AbstractBackground and Aim:
Postoperative atrial fibrillation (POAF) is a known predictor of in-hospital morbidity and short-term survival after coronary artery bypass grafting (CABG). The impact of race and long-term survival has not been examined in this population. We aimed to examine the influence of these factors on long-term survival in patients undergoing CABG.Methods:
Patients undergoing first-time, isolated CABG between 1992 and 2011 were included in this study. Long-term survival was compared in patients with and without POAF and stratified by race. Hazard ratios (HR) and 95% confidence intervals (CI) were computed using a Cox regression model.Results:
A total of 2,907 (22%) patients developed POAF (black n = 370; white n = 2,537) following CABG (N = 13,165). Median follow-up for study participants was 8.2 years. Long-term survival after CABG differed by POAF status and race (no POAF: HR = 1.0; white POAF: adjusted HR = 1.1, 95% CI = 1.06–1.2; black POAF: adjusted HR = 1.4, 95% CI = 1.2–1.6; pTrend = 0.0002). Black POAF patients also died sooner after surgery than their white counterparts (adjusted HR = 1.2, 95% CI = 1.02–1.4).Conclusion:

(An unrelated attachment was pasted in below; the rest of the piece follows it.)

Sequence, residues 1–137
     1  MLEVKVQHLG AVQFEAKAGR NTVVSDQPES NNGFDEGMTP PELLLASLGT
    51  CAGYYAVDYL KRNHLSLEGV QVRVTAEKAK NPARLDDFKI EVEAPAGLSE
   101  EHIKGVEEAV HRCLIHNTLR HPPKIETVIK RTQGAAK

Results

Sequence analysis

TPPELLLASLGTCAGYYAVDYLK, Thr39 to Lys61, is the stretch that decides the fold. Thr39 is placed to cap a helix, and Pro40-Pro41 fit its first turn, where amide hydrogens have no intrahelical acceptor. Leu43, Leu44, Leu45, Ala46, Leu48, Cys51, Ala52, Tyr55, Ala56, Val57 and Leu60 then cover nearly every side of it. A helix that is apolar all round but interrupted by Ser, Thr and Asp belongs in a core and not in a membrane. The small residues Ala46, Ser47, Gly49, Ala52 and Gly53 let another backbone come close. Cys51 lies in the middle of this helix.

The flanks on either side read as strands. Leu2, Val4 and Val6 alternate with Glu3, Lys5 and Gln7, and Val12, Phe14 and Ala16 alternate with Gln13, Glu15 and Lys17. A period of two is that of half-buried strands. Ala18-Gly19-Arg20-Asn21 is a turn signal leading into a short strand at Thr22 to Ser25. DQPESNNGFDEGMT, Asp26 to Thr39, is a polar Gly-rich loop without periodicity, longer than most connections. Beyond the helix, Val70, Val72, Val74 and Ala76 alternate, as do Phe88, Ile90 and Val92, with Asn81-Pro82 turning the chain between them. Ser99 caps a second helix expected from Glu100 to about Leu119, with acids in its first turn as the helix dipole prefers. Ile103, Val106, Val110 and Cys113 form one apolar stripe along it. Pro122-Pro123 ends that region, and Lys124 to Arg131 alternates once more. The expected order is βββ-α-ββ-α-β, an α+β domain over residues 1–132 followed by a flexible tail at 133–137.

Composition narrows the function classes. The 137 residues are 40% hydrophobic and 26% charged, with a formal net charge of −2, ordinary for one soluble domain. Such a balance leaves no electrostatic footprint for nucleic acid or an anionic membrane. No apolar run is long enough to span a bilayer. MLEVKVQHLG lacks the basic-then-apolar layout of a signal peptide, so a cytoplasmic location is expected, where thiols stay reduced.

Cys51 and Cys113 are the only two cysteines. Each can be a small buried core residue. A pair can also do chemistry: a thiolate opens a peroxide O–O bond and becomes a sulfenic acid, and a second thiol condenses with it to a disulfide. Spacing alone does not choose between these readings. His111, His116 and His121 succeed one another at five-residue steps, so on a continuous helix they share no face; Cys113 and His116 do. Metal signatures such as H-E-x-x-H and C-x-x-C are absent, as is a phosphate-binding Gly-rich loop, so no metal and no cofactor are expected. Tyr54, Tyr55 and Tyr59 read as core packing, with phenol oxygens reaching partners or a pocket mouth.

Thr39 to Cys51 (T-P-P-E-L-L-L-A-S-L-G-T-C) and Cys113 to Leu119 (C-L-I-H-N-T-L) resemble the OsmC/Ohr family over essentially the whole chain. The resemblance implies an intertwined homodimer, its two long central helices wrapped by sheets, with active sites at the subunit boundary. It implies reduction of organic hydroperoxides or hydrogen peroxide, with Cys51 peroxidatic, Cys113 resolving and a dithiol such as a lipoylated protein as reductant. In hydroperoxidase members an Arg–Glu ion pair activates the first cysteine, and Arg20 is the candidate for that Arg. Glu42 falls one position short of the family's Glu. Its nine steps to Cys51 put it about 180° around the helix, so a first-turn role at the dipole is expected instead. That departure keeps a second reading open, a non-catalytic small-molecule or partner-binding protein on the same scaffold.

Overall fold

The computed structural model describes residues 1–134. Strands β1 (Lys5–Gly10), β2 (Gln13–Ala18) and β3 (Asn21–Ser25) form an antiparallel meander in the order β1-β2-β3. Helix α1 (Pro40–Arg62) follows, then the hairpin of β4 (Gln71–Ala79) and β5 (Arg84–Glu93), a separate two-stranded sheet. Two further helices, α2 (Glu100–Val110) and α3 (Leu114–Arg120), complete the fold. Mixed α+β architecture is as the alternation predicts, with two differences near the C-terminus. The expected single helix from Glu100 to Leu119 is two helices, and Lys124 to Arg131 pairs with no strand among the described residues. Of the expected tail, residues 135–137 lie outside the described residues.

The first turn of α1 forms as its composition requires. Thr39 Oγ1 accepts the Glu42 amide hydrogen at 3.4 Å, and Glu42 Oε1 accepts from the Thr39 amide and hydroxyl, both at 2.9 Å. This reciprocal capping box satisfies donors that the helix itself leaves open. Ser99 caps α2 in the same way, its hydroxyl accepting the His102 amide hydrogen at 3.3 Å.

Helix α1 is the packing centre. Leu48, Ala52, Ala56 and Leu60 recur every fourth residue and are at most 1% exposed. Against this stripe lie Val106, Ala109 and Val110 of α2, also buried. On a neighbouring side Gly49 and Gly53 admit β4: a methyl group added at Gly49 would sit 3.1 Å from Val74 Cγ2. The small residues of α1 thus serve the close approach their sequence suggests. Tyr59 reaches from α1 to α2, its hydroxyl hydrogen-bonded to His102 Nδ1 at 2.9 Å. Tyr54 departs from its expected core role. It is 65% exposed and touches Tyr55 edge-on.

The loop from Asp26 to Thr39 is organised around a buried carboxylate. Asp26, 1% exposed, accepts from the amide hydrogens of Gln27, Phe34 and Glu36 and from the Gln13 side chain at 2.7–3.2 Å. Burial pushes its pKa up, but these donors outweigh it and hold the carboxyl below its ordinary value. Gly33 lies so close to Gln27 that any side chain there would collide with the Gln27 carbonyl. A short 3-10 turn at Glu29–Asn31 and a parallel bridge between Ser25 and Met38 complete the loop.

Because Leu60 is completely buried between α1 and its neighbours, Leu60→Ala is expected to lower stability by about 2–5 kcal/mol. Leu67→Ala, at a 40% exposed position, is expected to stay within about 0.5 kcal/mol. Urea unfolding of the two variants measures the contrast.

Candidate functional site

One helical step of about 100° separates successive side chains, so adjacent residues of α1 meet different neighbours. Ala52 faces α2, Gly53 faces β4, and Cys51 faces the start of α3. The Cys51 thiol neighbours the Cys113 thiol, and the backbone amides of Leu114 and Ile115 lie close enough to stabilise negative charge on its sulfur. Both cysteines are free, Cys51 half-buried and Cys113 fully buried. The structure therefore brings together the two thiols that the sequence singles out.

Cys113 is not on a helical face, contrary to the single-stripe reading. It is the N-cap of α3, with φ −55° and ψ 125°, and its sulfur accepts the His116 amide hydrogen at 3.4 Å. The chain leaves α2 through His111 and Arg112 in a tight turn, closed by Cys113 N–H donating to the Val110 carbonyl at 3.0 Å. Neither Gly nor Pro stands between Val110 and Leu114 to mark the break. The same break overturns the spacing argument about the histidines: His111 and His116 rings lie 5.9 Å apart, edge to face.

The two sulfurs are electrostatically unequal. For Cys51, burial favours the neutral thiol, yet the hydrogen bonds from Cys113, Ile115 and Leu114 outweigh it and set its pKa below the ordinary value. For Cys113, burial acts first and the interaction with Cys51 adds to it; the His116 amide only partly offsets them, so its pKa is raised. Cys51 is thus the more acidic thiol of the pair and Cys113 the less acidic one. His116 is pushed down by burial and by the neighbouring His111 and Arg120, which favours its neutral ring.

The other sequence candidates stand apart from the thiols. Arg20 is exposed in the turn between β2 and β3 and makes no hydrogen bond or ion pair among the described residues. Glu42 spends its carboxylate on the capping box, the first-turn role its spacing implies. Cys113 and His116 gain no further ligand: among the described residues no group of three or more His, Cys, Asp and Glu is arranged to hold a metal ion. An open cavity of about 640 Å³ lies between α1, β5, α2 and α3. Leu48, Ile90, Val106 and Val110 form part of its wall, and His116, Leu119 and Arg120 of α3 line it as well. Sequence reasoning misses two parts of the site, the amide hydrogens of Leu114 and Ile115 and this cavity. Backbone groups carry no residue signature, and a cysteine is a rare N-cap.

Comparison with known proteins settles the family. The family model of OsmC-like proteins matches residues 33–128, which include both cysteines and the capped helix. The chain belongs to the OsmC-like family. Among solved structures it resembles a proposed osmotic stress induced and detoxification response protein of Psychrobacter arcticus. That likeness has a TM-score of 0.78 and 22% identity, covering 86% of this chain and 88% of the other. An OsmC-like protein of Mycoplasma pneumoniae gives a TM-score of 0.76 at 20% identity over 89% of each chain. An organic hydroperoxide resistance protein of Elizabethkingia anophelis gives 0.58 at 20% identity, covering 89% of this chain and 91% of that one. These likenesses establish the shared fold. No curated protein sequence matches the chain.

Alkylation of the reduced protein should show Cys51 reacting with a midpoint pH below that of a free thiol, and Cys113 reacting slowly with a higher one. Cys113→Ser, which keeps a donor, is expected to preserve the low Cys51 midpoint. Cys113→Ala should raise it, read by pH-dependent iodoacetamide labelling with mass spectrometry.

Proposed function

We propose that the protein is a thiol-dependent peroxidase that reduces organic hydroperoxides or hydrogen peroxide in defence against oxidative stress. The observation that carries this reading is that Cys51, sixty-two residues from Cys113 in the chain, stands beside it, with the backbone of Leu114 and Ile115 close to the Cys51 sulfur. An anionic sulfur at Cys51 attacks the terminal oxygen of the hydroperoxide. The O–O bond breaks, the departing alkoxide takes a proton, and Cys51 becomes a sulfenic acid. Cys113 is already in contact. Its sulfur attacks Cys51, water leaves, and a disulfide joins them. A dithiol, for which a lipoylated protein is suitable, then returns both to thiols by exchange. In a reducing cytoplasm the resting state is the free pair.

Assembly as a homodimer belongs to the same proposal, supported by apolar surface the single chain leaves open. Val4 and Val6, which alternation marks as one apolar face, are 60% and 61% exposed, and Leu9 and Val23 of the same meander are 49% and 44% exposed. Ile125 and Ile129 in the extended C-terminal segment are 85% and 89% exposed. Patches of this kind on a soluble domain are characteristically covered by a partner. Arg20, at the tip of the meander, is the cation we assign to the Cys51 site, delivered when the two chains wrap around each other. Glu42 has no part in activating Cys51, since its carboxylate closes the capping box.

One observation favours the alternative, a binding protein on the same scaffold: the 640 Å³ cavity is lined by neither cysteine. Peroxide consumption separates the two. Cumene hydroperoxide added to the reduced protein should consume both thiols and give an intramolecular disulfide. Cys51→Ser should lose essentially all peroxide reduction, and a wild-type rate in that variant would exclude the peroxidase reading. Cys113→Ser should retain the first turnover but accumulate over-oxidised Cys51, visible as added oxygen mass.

Black race was a statistically significant predictor of decreased survival among POAF patients after CABG. This finding provides useful outcome information for surgeons and their patients.